Compartmentalization is a go-to coping skill for many. You may, for example, use your commute to unwind so you don’t bring work home (hard to do now, if you’re working from home). Practitioners may try to pack their feelings about a tough or sad experience with a patient or an uncomfortable interaction into one corner of the heart or mind so they don’t bring the guilt or sorrow home.

“The ‘self’ in question is necessarily both the professional and the personal self because clinical practice is informed by both medical and personal experience. Few medical educators writing about empathetic witnessing or narrative medicine, however, make note of the impact that a physician’s personal identity — including personal and familial illness history, ethnicity, gender, sexuality, class — may have upon their ability to hear, interpret, and translate patients’ stories,” say Sayantani DasGupta, MD, MPH, and Charon in their article “Personal Illness Narratives: Using Reflective Writing to Teach Empathy” in Academic Medicine.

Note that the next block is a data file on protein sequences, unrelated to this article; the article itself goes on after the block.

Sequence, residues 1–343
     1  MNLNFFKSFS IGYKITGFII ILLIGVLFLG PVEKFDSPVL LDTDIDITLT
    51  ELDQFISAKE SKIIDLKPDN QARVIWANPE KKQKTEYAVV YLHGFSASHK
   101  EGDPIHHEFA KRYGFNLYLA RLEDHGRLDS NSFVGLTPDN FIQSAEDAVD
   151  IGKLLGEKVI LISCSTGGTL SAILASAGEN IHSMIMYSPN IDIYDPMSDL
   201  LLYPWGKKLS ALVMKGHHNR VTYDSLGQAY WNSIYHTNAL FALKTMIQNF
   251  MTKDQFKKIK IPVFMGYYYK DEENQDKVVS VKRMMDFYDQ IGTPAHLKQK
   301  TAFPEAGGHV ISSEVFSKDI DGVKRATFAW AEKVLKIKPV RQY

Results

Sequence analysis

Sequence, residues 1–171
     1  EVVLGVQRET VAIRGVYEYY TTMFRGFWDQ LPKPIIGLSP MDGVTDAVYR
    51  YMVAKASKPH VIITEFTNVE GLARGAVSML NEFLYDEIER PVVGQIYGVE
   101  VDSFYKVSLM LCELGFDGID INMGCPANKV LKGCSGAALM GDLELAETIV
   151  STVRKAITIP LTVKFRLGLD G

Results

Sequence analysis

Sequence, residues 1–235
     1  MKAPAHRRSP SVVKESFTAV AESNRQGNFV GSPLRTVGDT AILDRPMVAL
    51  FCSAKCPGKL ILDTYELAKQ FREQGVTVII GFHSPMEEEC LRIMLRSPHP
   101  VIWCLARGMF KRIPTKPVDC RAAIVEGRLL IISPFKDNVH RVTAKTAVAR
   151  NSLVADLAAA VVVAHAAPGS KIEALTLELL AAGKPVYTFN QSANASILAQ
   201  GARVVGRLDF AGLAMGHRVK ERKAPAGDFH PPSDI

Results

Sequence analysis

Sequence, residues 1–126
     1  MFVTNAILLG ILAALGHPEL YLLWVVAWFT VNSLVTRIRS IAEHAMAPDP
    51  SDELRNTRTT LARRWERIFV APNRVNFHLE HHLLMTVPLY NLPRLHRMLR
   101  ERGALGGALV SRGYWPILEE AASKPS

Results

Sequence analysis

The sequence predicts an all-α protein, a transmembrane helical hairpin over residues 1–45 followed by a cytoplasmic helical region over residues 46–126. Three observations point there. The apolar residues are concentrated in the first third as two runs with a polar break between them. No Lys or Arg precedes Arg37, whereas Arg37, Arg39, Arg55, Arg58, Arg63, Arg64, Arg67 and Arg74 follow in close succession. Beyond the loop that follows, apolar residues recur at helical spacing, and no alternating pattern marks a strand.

Right now, being a healthcare professional — or working alongside colleagues who provide direct care — is unduly stressful, from both a business standpoint and a personal one. Many people are grieving the loss of pre-pandemic normalcy and feeling complicated guilt surrounding patient care or business margins.

“Health care professionals’ guilt is a powerful engine for their behavior. We are burdened and also supported by a highly developed sense of personal accountability. When we inevitably err in the course of practice, we must deal with the tremendous pain of guilt,” Charon says.

Acknowledging any complicated feelings is part of the process, as well as a result. “Although the specifics of the suffering may
change — paralleling the technological realities of practice — the heart of the suffering remains the same: shame at being powerless, guilt and rage in the face of blame, and fear of all the dying,” Charon says.

Right now, while social distancing is in effect for much of the country, as states pause or even reverse their reopening plans, writing is an effective method for processing all of these feelings and experiences. “Writing, or telling, gives a speaker the authority and the opportunity to reveal the self,” Charon says.